While residents continue to suffer the consequences of the economically disastrous Covid-19 lockdown of 2020 and 2021, cases of suicide in the province have increased by 90%, from 695 cases reported during the 2019/20 financial year to 1325 deaths reported since April 2020 to date.
In a reply to my written question to the MEC for Community Safety, Faith Mazibuko, it was revealed that the contributing factors to those choosing to end their life included depression, loss of income during the COVID-19 pandemic, financial difficulties, death of family members and domestic violence.
It is terribly sad to imagine what pain these vulnerable individuals had been going through to reach such a dark point in their life. Even survivors of suicide have disclosed that it is never an easy decision, and mostly one taken out of desperation to release themselves from the pain they have no way of eradicating.
What is even further disturbing is that the Gauteng Department of Social Development (DSD) has no specific programmes that directly tackle the increase in suicide rates.
In a reply to my written question to the MEC for Social Development, Morakane Mosupyoe, the department only has social workers who provide a broad range of social, emotional, behavioural, school and family interventions using methods of practice in communities and schools.
These include prevention and awareness programmes that mostly focus on building resilience of communities, learners, and youth such as Social Behaviour Change programmes, Parenting Programmes and Ke Moja Drug Prevention programmes. Further to this, the department provides psychosocial support services, screening, referrals and management of cases of affected learners and their families, while the provision of therapeutic interventions includes individual therapy for those with emotional and behavioural problems, individual counselling bereavement/grief support, and referrals for specialised services and support, group therapy, trauma debriefing and family therapy.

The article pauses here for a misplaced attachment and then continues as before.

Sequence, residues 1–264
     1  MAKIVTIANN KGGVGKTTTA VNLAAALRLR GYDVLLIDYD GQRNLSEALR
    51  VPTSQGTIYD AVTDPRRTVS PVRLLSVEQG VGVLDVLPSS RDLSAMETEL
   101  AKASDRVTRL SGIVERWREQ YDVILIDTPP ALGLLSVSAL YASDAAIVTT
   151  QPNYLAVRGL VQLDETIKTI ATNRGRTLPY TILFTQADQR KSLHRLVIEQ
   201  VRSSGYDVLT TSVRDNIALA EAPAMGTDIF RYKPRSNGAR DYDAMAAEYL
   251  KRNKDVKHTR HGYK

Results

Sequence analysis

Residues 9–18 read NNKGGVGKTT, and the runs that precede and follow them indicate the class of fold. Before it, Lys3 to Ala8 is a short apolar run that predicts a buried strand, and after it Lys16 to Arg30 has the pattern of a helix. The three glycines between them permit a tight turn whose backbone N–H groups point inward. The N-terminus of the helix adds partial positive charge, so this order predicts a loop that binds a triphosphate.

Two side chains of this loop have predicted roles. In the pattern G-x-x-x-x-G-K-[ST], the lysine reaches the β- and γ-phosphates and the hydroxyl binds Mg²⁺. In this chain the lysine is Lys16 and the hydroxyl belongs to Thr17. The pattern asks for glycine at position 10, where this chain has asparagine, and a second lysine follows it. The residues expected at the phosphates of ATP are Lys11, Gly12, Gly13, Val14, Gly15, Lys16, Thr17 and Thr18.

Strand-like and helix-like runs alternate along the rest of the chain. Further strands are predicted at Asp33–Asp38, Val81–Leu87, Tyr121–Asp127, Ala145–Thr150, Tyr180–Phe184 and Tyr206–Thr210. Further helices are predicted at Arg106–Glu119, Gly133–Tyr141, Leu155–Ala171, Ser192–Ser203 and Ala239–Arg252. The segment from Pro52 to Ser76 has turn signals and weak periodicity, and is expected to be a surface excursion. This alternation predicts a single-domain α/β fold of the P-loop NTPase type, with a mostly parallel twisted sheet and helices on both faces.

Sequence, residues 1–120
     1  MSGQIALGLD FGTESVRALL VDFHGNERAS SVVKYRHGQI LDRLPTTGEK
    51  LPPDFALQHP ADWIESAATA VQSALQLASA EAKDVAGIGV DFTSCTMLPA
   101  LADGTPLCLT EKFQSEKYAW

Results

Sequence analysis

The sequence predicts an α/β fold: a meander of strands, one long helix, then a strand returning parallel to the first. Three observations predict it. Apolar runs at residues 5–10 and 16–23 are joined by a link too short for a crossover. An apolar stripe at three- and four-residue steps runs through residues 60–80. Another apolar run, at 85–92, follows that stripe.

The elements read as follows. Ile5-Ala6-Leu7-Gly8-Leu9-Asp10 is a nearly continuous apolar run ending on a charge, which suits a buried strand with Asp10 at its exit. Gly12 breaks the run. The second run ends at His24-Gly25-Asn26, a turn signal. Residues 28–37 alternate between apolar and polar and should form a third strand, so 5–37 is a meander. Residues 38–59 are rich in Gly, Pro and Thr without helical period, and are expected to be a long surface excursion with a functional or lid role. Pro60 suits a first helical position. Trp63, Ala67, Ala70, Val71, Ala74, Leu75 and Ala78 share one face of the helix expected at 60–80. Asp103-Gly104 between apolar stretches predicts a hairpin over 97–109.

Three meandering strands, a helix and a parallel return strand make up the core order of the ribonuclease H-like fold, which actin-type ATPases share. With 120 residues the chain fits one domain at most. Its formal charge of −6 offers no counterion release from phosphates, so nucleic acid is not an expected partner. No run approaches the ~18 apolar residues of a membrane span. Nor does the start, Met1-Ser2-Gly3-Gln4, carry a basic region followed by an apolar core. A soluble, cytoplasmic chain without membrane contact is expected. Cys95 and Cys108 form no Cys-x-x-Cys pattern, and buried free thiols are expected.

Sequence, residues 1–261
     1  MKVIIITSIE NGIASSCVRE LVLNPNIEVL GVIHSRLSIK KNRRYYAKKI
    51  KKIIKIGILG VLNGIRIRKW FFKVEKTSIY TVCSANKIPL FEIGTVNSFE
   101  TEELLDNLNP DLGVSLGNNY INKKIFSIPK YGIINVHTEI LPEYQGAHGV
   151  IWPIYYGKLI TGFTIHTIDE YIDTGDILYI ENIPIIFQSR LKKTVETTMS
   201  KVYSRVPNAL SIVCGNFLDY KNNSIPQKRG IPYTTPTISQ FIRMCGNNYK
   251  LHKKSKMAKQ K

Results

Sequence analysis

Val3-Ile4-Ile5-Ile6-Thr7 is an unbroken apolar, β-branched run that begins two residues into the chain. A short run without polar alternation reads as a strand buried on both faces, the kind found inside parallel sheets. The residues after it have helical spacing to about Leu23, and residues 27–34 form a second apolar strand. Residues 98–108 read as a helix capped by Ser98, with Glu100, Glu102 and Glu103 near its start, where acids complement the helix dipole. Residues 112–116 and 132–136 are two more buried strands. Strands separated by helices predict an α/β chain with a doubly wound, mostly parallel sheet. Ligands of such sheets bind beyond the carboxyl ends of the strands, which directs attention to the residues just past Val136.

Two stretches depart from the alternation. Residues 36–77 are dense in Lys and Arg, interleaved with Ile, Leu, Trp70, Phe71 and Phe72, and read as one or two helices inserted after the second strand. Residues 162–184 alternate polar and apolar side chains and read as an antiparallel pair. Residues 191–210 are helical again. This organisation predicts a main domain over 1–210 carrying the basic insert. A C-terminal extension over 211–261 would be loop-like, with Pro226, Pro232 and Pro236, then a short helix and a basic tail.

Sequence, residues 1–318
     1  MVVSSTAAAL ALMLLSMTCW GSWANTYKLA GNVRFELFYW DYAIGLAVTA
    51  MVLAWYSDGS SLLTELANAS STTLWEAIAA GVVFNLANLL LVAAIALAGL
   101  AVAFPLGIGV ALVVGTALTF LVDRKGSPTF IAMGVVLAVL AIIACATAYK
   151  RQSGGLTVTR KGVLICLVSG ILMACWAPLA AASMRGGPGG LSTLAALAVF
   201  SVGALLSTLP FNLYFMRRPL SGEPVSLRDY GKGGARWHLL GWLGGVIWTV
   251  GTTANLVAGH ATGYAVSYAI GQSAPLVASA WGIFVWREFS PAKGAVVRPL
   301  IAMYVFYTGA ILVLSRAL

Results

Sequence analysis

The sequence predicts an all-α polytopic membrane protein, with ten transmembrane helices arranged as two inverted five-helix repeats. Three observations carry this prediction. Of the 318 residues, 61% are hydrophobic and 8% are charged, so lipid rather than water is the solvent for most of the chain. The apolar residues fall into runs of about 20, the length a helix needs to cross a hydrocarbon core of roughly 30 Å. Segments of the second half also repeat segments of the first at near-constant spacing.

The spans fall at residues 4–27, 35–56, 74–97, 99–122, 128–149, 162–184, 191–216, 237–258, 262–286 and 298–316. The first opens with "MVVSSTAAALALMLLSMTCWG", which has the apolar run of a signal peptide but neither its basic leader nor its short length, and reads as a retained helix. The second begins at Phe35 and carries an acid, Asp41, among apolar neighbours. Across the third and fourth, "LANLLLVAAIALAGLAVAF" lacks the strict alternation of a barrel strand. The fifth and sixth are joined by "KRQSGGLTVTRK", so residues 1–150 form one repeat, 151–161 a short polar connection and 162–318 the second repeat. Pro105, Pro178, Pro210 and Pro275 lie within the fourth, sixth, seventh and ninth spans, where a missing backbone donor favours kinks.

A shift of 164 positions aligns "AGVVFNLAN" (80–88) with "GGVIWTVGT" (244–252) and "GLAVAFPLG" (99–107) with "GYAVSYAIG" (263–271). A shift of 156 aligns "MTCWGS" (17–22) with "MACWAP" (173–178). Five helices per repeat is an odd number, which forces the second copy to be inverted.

The department lastly stated that they provide crises interventions and rapid responses to deal with incidents such as learner deaths, child protection, abuse and neglect, trauma debriefing, bereavement, violence, depression, and attempted suicide.
While these services are the bare minimum that any social development department should provide, there is still an urgent need for government to formulate more programmes that are far more focused on the issues of suicide and mental illnesses. The stigma of these still exist in society and far too many people are suffering in silence and isolation.
The Gauteng DSD must embark on a more aggressive awareness campaign of what counselling and support services are available to those who are suffering. Many victims feel that there is no help within their reach, and therefore need to me made more aware of what services are available and where they can access them.
The Department can start off with making their website far more easily accessible through a simple Google search, as it is currently impossible to find any such website. Imagine how frustrating this must be for someone considering suicide, but still trying to seek help.
The Gauteng DSD website should have a dedicated page of all resources available to those suffering any form of mental illness, that includes the closest services available to them. When one is suffering through depression, it takes a profound amount of effort to try pull themselves out, and therefore it should not require so much effort to access the help they deserve.
Depression is the silent pandemic that has been ignored for far too long. If we are wanting to be a more caring and sympathetic society, we need to acknowledge and confront this pandemic head on.